Jeff Beck Discusses Gear, Technique and Hendrix in 1985 Guitar World Interview, Part 2
More from our 1985 interview with Jeff Beck, plus some input from Beck's friends and admirers, including Seymour Duncan, Stanley Clarke and his fellow Yardbirds.
Do you have any favorite solos from all the records you've made?
No, not really. They usually trigger off a memory that has nothing to do with the playing, some personal thing I went through. It's not until somebody else comes up and reminds me of something I've done that I'll even think about it. I'm just thinking about tomorrow, which is a good sign because they say when you're thinking about yesterday you're too old.
You must feel the pressure of being Jeff Beck, in quotes, with people waiting for you to play can-you-top-this all the time.
Well, yeah, obviously. You've got to brace yourself and be brave and go out there and give the people something you can't just hide away. But like you say, when people are just starting to get into stuff that I did five years ago, like the puns in "Space Boogie" and "Star Cycle" off the last album [There and Back] -- well, there are kids of twenty who've just dialed in to that. It's good, but I wish they would listen a bit closer the first time around, because I can't re-release that. I've got to go on to say something new.
Speaking about a long time, do you get any flack from the record company about how long things take for you to do?
No, I think they've been the most wonderful, enduring company. They have respect for me, so they haven't pushed me about it. Any other record company would've just potted me away, I think [laughs]. They're getting a little bit worried now because the record is so powerful that they want to make sure it's channeled in a very between-the-balls way: they want a sure-fire hit album, I think, and they want to feel part of it, which is good. In the old days I'd just turn up at Epic in New York with the master tapes and they'd say thank you very much and take me out for a meal, and that would be the end of it. But nowadays record companies really want hits on a record more than they ever did; they want to hear five or six hits on an album.
That's the Michael Jackson syndrome.
Yeah, he set the standard for everybody else, I think.
Thirty-five million records is kind of an impossible standard.
But I'm glad he did that, because Epic got off my back a bit when that money started rolling in [laughs]. But they've really been good.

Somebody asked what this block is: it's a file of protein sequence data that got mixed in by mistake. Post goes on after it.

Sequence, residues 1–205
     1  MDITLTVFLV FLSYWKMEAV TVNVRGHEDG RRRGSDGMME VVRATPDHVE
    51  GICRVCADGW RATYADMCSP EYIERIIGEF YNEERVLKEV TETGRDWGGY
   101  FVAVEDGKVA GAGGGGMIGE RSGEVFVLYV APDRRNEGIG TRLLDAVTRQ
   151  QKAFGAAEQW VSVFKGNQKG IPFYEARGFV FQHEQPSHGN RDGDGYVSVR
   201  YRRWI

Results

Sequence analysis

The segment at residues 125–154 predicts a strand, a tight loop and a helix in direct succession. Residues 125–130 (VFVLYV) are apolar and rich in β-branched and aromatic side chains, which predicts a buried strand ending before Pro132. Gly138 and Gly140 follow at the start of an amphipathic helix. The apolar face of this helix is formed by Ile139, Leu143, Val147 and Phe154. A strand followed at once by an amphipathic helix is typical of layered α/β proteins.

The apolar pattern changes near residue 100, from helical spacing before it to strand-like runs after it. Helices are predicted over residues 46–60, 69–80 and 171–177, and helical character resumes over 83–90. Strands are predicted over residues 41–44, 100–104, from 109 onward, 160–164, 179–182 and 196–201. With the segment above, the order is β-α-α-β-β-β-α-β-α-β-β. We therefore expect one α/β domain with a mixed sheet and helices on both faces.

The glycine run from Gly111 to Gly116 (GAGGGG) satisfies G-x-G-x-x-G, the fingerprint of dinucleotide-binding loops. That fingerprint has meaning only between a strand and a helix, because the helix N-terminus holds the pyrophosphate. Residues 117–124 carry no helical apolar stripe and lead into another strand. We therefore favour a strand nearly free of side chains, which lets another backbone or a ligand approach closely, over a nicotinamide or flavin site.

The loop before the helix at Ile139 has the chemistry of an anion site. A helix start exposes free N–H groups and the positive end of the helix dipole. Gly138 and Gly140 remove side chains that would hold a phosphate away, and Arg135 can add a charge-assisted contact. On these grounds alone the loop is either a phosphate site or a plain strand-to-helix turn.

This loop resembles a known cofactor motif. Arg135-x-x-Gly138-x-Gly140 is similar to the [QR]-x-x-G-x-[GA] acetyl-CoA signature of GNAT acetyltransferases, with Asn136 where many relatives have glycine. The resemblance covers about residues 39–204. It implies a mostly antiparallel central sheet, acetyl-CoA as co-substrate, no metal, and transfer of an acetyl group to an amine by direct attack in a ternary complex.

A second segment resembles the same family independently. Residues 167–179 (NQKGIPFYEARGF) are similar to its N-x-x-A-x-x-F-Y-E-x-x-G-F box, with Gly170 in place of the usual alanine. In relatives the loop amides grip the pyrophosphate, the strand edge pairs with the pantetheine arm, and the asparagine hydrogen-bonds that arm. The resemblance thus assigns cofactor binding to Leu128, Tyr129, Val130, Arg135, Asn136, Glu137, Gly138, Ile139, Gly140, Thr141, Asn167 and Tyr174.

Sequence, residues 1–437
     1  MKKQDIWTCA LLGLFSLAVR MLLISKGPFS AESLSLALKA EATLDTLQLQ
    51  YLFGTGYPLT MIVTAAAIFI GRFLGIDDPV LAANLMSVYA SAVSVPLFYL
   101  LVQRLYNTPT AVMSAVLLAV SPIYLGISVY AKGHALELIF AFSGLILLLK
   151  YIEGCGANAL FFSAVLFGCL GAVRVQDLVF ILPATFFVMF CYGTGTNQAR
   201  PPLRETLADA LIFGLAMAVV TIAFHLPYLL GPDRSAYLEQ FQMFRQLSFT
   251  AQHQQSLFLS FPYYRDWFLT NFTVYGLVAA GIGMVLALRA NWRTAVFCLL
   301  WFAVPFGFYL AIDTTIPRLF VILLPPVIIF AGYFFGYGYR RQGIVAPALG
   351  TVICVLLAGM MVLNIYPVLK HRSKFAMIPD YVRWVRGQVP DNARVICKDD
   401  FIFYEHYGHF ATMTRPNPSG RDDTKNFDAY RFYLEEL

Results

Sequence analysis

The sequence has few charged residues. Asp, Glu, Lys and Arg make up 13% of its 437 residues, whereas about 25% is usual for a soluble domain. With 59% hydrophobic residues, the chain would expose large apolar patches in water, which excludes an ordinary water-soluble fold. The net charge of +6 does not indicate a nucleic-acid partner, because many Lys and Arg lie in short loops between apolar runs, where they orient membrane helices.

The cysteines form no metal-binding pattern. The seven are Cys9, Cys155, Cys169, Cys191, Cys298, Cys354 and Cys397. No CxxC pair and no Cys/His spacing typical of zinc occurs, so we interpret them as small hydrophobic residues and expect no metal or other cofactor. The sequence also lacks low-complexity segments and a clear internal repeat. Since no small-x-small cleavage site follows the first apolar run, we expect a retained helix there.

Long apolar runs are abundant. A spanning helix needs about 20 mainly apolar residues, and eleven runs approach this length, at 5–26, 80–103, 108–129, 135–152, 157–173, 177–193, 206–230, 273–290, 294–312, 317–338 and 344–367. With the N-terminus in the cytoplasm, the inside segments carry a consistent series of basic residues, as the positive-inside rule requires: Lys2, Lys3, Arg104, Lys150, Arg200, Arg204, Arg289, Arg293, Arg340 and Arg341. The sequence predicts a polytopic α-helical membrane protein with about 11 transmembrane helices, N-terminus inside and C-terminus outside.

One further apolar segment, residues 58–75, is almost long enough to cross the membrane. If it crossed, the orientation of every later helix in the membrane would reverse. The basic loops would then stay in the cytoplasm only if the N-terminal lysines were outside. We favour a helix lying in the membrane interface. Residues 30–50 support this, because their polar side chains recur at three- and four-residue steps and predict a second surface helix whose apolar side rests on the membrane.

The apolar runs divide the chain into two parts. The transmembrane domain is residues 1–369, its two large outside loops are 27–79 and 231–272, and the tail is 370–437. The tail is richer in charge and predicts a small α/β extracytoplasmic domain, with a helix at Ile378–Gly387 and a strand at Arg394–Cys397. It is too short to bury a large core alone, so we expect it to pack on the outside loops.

If you had a dream project that you could suddenly do, what would it be?
I've often toyed with the idea of doing a rock thing with a full orchestra. I listen to classical music all the time, and I often wish that I was playing somewhere in the beautiful, wide sound that a full orchestra gets. I don't think anybody's really done that yet. You'd put the guitar where, say, an opera singer would be, so that there'd be vast spaces where the guitar would solo, and then would come these huge attacks -- very exciting and dramatic stuff, that's what I have in mind. I've laid some groundwork for that kind of thing, actually, made some inquiries with composers, but they're really not talking the same language half the time. I'd have to write the music for it to work, and somehow I just don't seem to get round to doing that [laughs].
Are there any composers in particular that you listen to?
Not really. I don't try to lift ideas or inspiration from it that way. It might just be one piece that hits me on the radio: melodically, you can pick up a hell of a lot from that, probably more so than if you were listening to a rock station. Of course, that's just me, but it might be worth somebody out there listening to those things; too many people snap them off immediately because they're not rock and roll. But it's beautiful stuff being played by amazing musicians, and even though you may not copy something directly, you may be more inspired to think of your own original style. A lot of players don't do that these days; they just copy one another.
JIM McCARTY on Beck the Unpredictable:
Jim McCarty played drums in the Yardbirds, as well as adding background vocals and co-writing the tunes. He's known Beck for twenty years, and after a sixteen-year hiatus, worked with him again on the Box of Frogs LP.
Working with Jeff in the Yardbirds was up and down a lot of the time, because we really expected quite a bit from him-after all, he had to follow in the footsteps of Eric Clapton. He wasn't really used to that pressure; suddenly he was in the big time, because when he joined the group we became #1 with "For Your Love." So I think he used to panic quite a bit, but he soon got into the swing of things.
The great thing about Jeff was, because we leaned on him so much -- we relied on him to fill up the sound -- he developed a lot of his futuristic ideas, things that people called gimmicks at the time. We'd been used to playing with Clapton, who was playing much straighter r&b solos, and then Jeff was something much wider -- he was interested in people like Les Paul, and all these footpedals and fuzztones and feedback, something we haven't had before which was very exciting.
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